Saturday, July 30, 2011

What are the three courses you took that shaped the teacher you will be?

Q:  What are the three courses you took that shaped the teacher you will be?
A:   I took “Teaching Elementary Science” from Professor Sunday.  She got me excited about an inquiry-based approach to science education – an approach that stimulates student questions and offers opportunities for students to pursue answers to their own self-initiated questions.  In “Teaching Elementary Social Studies,” Dr. Hansen taught me about the value of “hands-on, minds-on” teaching – that is, not only providing children with necessary information, but giving them an opportunity to do something with that information.  I also took “Topics in Children’s Literature” from Dr. Smithton who showed me the value of a literature-rich curriculum.  I discovered some incredible books that I can use in all subject areas, not just reading.  These three courses, and these three individuals, showed me that teaching can be exciting, dynamic, and practical for each and every student in a classroom.  They are lessons I will never forget.

            Celebrate not only the courses that made an impact on your philosophy, but the people who taught those courses, too.  If they are as good as you say they are, it is very likely the interviewer will know who they are (by reputation) and will know how they have influenced other teachers hired by the district.

     Interviewers are most interested in hiring your strengths and achievements.  They especially want what you have done or what you can do – not simply what you believe, or feel, or think.

Tuesday, July 26, 2011

Why do you want to teach?

     Q:  Why do you want to teach?
     A:   I had a professor in college who always used to say, “To learn is to change.”  That saying has always influenced me simply because I can see all the positive changes that have occurred in my life through education.  I want those changes to be part of what I can share with young people.  I want students to see how education can not only keep us current, but can also keep us growing, and changing, throughout our lives.  It’s not the accumulation of knowledge that is important, it is what we do with that knowledge that keeps change happening, and that keeps us growing.  I want to initiate and fan those flames in my students as much as my teachers have done in me.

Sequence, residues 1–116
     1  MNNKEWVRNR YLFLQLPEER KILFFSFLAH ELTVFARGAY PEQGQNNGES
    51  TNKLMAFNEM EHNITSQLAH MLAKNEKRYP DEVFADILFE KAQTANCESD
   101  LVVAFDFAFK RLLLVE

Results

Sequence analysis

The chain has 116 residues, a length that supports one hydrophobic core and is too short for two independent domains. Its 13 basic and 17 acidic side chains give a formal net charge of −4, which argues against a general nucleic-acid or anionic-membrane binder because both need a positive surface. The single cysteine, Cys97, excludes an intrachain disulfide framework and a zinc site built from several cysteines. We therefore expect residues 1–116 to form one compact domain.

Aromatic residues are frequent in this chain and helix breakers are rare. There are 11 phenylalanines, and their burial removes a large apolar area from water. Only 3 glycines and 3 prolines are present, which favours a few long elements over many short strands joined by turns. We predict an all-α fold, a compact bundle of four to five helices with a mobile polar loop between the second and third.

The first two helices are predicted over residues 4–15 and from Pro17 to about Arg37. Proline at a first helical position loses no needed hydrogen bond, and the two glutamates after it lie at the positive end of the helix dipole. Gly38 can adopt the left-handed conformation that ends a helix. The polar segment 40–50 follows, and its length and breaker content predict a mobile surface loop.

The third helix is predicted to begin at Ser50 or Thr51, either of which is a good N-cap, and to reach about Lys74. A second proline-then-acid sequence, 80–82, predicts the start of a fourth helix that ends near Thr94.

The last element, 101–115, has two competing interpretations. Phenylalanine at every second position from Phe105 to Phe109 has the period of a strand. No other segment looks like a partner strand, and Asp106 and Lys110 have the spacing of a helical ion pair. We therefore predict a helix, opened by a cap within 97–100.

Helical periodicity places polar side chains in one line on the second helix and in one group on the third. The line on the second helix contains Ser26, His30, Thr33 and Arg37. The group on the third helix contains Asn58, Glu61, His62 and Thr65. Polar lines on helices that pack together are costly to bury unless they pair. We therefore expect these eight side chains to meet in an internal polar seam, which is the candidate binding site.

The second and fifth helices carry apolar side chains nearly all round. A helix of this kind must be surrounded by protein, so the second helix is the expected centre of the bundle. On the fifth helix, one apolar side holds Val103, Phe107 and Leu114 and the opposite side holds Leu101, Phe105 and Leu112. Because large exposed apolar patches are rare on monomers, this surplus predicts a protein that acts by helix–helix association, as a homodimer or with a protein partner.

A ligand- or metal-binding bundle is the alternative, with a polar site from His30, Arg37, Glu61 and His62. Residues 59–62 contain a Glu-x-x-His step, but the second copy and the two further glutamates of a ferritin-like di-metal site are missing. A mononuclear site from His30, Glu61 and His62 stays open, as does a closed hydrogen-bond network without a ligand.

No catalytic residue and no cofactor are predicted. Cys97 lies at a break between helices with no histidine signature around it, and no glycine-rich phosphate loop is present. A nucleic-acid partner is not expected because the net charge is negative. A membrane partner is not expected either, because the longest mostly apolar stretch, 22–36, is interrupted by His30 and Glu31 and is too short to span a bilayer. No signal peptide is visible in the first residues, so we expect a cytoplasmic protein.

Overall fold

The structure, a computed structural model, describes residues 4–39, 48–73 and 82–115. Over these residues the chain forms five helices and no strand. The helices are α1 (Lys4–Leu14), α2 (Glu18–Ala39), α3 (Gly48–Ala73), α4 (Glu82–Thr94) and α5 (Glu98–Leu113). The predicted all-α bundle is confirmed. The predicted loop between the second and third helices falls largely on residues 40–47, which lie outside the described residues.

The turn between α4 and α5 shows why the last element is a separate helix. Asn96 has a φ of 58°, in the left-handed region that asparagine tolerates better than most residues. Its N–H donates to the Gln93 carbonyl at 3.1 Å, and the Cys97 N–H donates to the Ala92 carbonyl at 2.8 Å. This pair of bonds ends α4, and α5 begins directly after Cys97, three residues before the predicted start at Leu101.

Provide some evidence that you have given this question serious consideration.   Make sure a sincere and committed desire to teach comes through loud and clear.  Every principal has heard the all-too-common response, “Because I want to make a difference in kids’ lives.”  Try something new, something that refers to a specific reason or incident in your life that propelled you into education.  This would be a very good opportunity to weave a short anecdote or short personal story into your response.

     The “small talk” at the beginning of an interview is critical.  It helps establish a conversational tone for the rest of the interview.  Respond to questions with something more than a “yes” or “no.”  Be sure to ask your own questions that will require something more than a “yes” or “no” from the interviewer.